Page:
Medical | June 04, 2020
A new project from EBSCO is helping clinicians bridge the evidence gap between trial data reporting and publication of peer-reviewed articles during the COVID-19 pandemic.
The pace of research on COVID-19 has been truly extraordinary. First described in December 2019 as pneumonia of unknown origin, the cause of COVID-19 — infection with a novel coronavirus SARS-CoV-2 — was swiftly identified in early January. Since then, nearly 20,000 articles have been published on COVID-19 and indexed in PubMed according to the National Institutes of Health (NIH) and National Library of Medicine (NLM) resource LitCOVID. With nearly 2,000 clinical trials underway, publications on COVID-19 and the data contained within have no chance of slowing down in the foreseeable future.
DynaMed® provides evidence-based information and clinical care recommendations for thousands of conditions across 26 medical specialties. When studies are lacking (in the case of a rare disease, for example), best-practice guidance is derived from expert experience, often published by professional organizations. COVID-19, while not a rare condition at this point, started off similarly with zero studies prior to 2020. Thus, the first iteration of guidance for COVID-19-associated acute respiratory distress syndrome (ARDS) mirrored best-practice management of other forms of ARDS. It has become apparent that standard treatment for ARDS may not be appropriate for all patients with COVID-19, and guidance has been adjusted.
While clinical trials for supportive management in COVID-19 are still lacking, data about potential drug therapies are rapidly accumulating. Because the impact of this research is so considerable, the general media is often the first to report on a new drug therapy, and notably, before specialists are able to acquire and appraise the full trial methodology and far before clinical care recommendations can be derived. The result is often an overblown interpretation of efficacy in the public and a workforce of healthcare professionals unsure about what to do.
There has always been a delay between when data is generated and a peer-reviewed article is published, not to mention the additional time it takes for consensus on standard of care for generating recommendations, but it has rarely been as critical to close this gap than it is today.
There has always been a delay between when data is generated and a peer-reviewed article is published, not to mention the additional time it takes for consensus on standard of care for generating recommendations, but it has rarely been as critical to close this gap than it is today. Clinicians on the frontlines of COVID-19 need the most current information to manage their patients, but when this information is delivered in press releases and preprint (non-peer-reviewed) articles, it becomes difficult to understand what it all means. Drawing conclusions from the general media to inform clinical decisions can have deadly consequences.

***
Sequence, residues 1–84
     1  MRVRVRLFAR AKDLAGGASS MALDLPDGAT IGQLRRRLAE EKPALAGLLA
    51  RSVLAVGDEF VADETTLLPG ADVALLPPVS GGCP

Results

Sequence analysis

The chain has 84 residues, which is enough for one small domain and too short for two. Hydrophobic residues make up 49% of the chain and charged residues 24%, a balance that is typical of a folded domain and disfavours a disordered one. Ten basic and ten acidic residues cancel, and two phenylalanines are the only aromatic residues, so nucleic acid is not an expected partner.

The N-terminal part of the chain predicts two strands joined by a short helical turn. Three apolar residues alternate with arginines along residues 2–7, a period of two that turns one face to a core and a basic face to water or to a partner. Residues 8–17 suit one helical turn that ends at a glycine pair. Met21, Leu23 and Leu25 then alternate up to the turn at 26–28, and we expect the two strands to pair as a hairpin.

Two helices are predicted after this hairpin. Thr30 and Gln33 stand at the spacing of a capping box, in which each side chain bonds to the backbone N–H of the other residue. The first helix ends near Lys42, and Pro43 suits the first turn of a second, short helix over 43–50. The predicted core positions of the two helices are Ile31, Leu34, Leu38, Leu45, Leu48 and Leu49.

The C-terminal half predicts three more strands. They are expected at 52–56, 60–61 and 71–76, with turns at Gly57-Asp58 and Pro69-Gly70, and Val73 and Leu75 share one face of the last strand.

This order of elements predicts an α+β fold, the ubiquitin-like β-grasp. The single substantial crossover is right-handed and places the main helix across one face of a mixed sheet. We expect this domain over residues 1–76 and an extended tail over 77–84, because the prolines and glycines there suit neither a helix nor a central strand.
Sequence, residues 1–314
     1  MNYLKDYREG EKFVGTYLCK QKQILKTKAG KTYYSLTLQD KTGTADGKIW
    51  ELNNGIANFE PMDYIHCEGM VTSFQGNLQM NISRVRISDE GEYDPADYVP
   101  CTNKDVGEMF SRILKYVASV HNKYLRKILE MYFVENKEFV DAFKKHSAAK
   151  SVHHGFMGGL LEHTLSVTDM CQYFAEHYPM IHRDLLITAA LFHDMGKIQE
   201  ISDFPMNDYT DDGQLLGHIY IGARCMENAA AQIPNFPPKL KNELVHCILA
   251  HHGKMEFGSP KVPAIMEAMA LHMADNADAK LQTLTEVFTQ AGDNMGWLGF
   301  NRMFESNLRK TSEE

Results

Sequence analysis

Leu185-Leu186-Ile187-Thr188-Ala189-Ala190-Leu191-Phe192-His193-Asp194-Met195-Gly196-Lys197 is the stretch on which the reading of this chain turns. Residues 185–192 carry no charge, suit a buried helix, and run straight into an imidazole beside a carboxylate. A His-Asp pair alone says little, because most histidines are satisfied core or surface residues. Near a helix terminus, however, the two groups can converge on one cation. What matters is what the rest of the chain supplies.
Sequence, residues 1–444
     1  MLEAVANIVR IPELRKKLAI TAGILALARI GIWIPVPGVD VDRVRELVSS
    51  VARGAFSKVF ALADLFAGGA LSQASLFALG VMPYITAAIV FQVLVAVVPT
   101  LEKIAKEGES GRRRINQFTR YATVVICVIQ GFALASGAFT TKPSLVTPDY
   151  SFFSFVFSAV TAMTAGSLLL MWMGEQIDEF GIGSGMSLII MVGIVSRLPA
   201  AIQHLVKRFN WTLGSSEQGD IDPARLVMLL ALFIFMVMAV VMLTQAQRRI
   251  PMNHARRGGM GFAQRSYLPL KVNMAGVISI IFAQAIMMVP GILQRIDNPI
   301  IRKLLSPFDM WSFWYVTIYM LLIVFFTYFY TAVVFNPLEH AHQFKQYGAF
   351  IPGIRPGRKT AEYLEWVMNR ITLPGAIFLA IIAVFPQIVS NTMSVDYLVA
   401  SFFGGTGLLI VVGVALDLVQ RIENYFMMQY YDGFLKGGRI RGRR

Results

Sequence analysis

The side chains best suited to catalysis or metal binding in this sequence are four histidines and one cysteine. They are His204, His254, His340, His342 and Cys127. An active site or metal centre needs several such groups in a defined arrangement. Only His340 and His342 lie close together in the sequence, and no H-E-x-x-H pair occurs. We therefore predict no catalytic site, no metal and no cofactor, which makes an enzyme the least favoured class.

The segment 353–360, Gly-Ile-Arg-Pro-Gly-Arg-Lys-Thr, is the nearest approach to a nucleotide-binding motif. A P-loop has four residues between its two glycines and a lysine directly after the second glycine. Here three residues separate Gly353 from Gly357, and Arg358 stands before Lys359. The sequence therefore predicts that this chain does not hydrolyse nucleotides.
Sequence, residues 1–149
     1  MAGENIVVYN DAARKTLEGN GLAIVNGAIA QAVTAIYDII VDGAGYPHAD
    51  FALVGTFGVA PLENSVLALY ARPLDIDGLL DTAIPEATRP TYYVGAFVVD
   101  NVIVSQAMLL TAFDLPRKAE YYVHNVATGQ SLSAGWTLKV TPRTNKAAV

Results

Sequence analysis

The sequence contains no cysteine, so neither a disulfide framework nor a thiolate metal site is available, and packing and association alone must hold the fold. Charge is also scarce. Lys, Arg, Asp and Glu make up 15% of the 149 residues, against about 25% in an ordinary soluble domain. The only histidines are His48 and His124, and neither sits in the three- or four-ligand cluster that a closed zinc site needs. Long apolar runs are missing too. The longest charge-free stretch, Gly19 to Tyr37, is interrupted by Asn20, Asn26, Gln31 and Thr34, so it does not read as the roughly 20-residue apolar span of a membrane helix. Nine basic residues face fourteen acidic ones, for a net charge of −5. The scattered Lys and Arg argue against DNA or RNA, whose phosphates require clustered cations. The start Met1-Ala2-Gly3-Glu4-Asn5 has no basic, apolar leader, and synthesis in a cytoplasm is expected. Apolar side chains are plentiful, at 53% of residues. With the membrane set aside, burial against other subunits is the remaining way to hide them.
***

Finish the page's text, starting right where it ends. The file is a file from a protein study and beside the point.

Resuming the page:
The latest project from EBSCO, COVID-19 Treatments: Clinical Outcomes Results Extracted from Randomized Controlled Trials, is an attempt to bridge this evidence gap. The idea is to present data from randomized trials in whatever form they are published (be that a press release or a preprint article on a publisher’s website or server such as medRxiv). Outcomes data, population characteristics, drug dosing regimen, and other information is extracted from each trial and presented in two ways. First, each trial is summarized in a table with all available information and second, a composite summary of all the trials for each intervention is derived. In addition, reasons for questionable certainty (i.e. quality of the evidence) are provided from each study, which may range from uncertainty about methodology if something wasn’t reported to typical limitations such as lack of blinding.
Finally, the highest level what this means for each intervention and clinical outcome is presented and should start to form a cohesive picture of efficacy (or not) as results from additional trials are disclosed. We won’t really know how long it will take to reach a consensus on care, but this website will be the place for physicians to find the current state of evidence and is likely to be most useful prior to agreement on standard of care.
The COVID-19 Treatments resource was created and maintained by the EBSCO Innovations and Evidence-Based Medicine Development team, led by Chief Medical Knowledge Officer Dr. Brian Alper. As a leading figure in adapting technology to support clinical decision making, Dr. Alper and his team have once again identified a clinical need and created a solution. This new resource should help bridge the COVID-19 evidence gap, even if right now we are only more certain about the uncertainties that remain.
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